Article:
Bouvia Has Right to Refuse Force-Feeding, Court Says
Elizabeth Bouvia, who lost a legal battle to be allowed to starve to death in 1983, today won the right to refuse force-feeding or any other unwanted medical treatment, “even if its exercise creates a ‘life-threatening condition.’ ”
In so ruling, the 2nd District Court of Appeal overturned a decision by Los Angeles Superior Court Judge Warren H. Deering denying Bouvia’s request to halt the forced-feeding. Deering had concluded that it was “fairly clear” that she once again had “formed an intent to die.”
The appellate panel instructed Deering to issue a new order directing immediate removal of the nasogastric tube carrying nutrients to her stomach.
“The trial court seriously erred by basing its decision on the ‘motives’ behind Elizabeth Bouvia’s decision to exercise her rights,” the panel of justices ruled today. “If a right exists, it matters not what ‘motivates’ its exercise.”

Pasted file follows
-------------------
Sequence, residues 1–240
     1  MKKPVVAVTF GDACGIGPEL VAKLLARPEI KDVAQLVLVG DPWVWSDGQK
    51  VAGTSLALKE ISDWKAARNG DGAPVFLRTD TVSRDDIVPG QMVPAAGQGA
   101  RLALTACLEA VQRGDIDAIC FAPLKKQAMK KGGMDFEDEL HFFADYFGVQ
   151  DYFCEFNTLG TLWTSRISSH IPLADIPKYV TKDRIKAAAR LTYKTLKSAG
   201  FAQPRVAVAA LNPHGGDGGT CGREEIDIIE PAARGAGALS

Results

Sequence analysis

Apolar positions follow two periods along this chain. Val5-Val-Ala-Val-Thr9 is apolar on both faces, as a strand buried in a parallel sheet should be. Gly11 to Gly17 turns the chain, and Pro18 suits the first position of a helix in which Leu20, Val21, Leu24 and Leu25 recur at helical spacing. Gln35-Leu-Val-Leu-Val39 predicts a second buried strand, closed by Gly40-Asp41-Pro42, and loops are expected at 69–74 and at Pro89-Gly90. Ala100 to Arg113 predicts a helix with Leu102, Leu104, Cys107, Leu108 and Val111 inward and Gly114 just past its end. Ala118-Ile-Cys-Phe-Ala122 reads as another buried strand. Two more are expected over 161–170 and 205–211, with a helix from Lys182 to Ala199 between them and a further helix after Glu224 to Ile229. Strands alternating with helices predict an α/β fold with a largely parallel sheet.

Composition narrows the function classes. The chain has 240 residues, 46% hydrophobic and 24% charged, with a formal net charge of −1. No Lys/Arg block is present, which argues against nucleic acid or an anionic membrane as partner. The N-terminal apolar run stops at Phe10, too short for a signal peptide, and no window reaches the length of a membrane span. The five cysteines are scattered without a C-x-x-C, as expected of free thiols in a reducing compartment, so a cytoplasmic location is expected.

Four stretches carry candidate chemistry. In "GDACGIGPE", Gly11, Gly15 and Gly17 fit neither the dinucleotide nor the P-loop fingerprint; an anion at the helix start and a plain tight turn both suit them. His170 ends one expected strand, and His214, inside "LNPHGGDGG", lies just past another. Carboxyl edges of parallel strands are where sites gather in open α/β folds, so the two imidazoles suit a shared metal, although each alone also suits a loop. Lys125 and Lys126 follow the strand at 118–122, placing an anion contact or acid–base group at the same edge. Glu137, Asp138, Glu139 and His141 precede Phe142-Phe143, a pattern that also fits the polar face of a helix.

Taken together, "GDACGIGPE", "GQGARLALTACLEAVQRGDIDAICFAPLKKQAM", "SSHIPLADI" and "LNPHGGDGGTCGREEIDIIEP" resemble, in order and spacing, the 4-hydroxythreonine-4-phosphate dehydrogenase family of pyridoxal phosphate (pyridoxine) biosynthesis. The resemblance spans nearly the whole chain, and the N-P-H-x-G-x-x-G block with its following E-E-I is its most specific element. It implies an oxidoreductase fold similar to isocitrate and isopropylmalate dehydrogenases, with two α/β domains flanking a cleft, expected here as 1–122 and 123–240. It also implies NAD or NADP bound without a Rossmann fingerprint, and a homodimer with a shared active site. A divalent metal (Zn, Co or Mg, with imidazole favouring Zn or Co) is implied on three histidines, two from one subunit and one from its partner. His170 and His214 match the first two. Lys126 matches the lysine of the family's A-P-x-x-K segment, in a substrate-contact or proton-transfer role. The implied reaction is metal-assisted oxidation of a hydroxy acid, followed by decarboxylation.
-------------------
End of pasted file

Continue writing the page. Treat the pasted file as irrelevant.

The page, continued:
The ruling also stated that “her decision to allow nature to take its course is not equivalent to an election to commit suicide with (doctors and hospital) aiding and abetting therein,” the justices wrote in their 26-page decision.
Bouvia, told of the ruling in a telephone call by attorney Richard Scott, said she was “relieved and happy,” Scott told The Times.
The 28-year-old quadriplegic cerebral palsy victim, who cannot feed herself and depends on others for her total care, has fought to have the force-feeding stopped since doctors inserted the tube against her will last December at the Los Angeles County-operated High Desert Hospital in Lancaster.
Lawyers for the county argued that doctors initiated the force-feeding to avert a life-threatening situation, convinced that her liquid diet intake of 500 to 700 calories a day was not enough to keep her alive.
The opinion was written by Justice Edwin F. Beach. In a concurring opinion, Justice Lynn D. Compton wrote that Bouvia “apparently has made a conscious and informed choice that she prefers death; to continued existence in her helpless and, to her, intolerable condition. I believe she has an absolute right to effectuate this decision.”